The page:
Insurance Daily | July 2024

The world of financial consultancy continues to set one record after another, its success is linked to at least three factors.

The first lies in the figure of the financial consultant, a single-firm agent, who despite his working autonomy can count on effective support from the principal.

The financial advisor is a winning figure from the client’s point of view because thanks to his innate proactivity and the absence of positional income he represents the bank that goes to the client and not vice versa.

The activism and proactivity of the financial advisor were fundamental at the dawn of the profession, when banks were comfortably dozing on position income.

These characteristics are even more important today in the face of two phenomena: that of banking desertification (over 10,000 bank branches have been closed in recent years) and that of the poor digitalisation of Italians (only 60% use home banking).

The second factor lies in the fact that financial advisor networks are more streamlined, modern and less hierarchical structures than banks and insurance companies: they are relatively young (the oldest is 50 years old).

It is known that working in a less bureaucratized and efficient structure is easier than in one with opposite characteristics and this makes consultant networks a sought-after destination.

The third factor lies in the satisfaction of financial advisors with their work which is significantly higher not only than that of bankers but also that of insurance agents and sub-agents.

And insurance sub-agents could represent a potential pool for financial consultancy.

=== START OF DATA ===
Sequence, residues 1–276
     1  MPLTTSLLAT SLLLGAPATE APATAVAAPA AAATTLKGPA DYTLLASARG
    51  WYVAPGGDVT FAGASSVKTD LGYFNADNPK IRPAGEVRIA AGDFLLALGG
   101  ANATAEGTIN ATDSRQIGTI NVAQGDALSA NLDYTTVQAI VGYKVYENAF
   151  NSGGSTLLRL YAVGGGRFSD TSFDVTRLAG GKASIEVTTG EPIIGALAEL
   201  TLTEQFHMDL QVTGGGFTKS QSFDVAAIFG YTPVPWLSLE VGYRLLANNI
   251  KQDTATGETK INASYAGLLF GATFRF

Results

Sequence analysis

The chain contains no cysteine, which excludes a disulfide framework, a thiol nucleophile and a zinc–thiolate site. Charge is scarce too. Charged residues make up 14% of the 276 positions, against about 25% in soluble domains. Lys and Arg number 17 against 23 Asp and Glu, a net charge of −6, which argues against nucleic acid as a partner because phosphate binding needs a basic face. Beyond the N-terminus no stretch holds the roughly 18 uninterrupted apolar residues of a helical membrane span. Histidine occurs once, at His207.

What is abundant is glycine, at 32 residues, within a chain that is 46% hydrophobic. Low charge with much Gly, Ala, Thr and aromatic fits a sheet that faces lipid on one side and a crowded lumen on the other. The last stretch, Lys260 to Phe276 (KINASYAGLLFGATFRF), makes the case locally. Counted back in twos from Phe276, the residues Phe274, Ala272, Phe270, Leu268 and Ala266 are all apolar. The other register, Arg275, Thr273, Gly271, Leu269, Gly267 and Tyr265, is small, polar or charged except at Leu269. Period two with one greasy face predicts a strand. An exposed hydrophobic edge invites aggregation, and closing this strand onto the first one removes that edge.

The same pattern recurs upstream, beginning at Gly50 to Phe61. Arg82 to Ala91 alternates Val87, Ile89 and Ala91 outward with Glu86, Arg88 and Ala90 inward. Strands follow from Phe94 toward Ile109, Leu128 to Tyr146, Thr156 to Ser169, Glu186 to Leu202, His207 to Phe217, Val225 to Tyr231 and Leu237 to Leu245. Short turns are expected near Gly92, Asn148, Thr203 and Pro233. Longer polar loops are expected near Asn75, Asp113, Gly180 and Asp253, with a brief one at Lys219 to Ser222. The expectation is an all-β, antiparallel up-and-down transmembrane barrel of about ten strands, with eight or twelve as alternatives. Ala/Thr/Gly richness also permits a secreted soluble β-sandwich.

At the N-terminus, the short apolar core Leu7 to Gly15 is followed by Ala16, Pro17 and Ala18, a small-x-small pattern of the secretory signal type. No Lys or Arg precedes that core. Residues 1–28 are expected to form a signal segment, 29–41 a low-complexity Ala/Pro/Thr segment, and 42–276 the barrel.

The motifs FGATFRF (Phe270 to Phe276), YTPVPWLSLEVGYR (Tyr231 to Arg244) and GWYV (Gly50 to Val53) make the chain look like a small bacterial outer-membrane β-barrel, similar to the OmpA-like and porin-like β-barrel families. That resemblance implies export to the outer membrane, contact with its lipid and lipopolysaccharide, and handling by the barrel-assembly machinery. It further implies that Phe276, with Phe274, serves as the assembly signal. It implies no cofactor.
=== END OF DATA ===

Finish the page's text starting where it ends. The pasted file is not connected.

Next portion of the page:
This is a real army made up of just under 200,000 professionals registered in section E of the RUI (Single Register of Insurance Intermediaries) held by IVASS.

Compared to insurance agents, with the appropriate distinctions from company to company, the sub-agent is on average less satisfied with his work position.

There are essentially four reasons: 1) 34% would like to be able to count on their own customer portfolio; 2) 25% would like to grow professionally through dedicated training activities; 3) 22% require greater support from the agent; 4) 19% would like more economic incentives.

Some networks of financial advisors seem to focus very decisively on an offer that includes, in addition to savings management and credit, protection: a happy astral conjunction.

If we consider that the financial consultancy sector is constantly looking for new talent, given the significant growth potential, it is reasonable to think that in addition to bankers, many sub-agents could consider this option.

Upon closer inspection, the profession of financial advisor – if practiced successfully – is able to satisfy the four needs most felt by sub-agents today: management of their own client portfolio, training activities, support of the principal and adequate economic incentives.

The support of the insurance company to the sub-agent, being mediated by the agent, on average fails to produce – even with the necessary exceptions – that sense of belonging, loyalty and satisfaction which are the true secret of the success of financial advisor networks.

Nicola Ronchetti